Radio spots to highlight value of intellectual property protections in new economy
The International Intellectual Property Institute (IIPI) recently launched a pilot radio campaign to increase awareness about the importance of strong protection of intellectual property in today’s dynamic economy.
“For 200 years patent and copyright laws have promoted basic fairness and said, ‘Go out and make your dreams a reality.’ We’ve all been rewarded, and today we need to keep protecting our intellectual property to keep building our dreams,” states Bruce Lehman, president of IIPI, at the end of the radio spots.
Lehman, a former Assistant Secretary of Commerce and Commissioner of the U.S. Patent and Trademark Office, says that the Institute has received preliminary support from Time Warner, Inc. and the Walker Digital Corp. to expand the effort. “These companies, like many in our economy, simply could not exist without a healthy system of intellectual property protection fueling their activities.”
“The U.S. system of patent and copyright protection has responded well in the past to changing environments: the industrial revolution, polymer chemistry and later software patents. Now it is adapting to changes such as Internet business methods, genomics and bio-informatics, which are a natural evolution of invention and innovation in a world where ideas are increasingly the fuel for productivity.”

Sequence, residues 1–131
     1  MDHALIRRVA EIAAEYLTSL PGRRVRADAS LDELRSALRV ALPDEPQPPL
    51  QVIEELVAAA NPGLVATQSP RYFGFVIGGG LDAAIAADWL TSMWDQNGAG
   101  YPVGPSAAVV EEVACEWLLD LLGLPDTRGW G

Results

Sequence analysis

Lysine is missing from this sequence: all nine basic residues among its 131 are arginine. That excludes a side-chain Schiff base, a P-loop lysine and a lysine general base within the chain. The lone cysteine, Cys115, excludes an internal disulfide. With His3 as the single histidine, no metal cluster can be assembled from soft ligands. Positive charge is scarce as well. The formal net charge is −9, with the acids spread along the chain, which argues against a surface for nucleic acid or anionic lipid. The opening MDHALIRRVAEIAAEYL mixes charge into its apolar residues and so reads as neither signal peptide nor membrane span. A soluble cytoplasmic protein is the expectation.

Recent legal cases involving Napster, MP3.com and State Street Bank and Trust Co. have prompted discussion about the role and readiness of an old system in the new context of the digital age. Though much of its work has focused on assistance to developing countries, the two-year old Institute initiated this campaign to promote public awareness of intellectual property in the United States, where the economy is increasingly reliant upon ideas and information, rather than products.
“Patent and copyright protections support innovations that would have been inconceivable to previous generations,” says Lehman.
The two 60-second radio spots will air on Washington, D.C.-area stations (WTOP-AM, WMAL-AM, WGMS-FM) through September 22, 2000.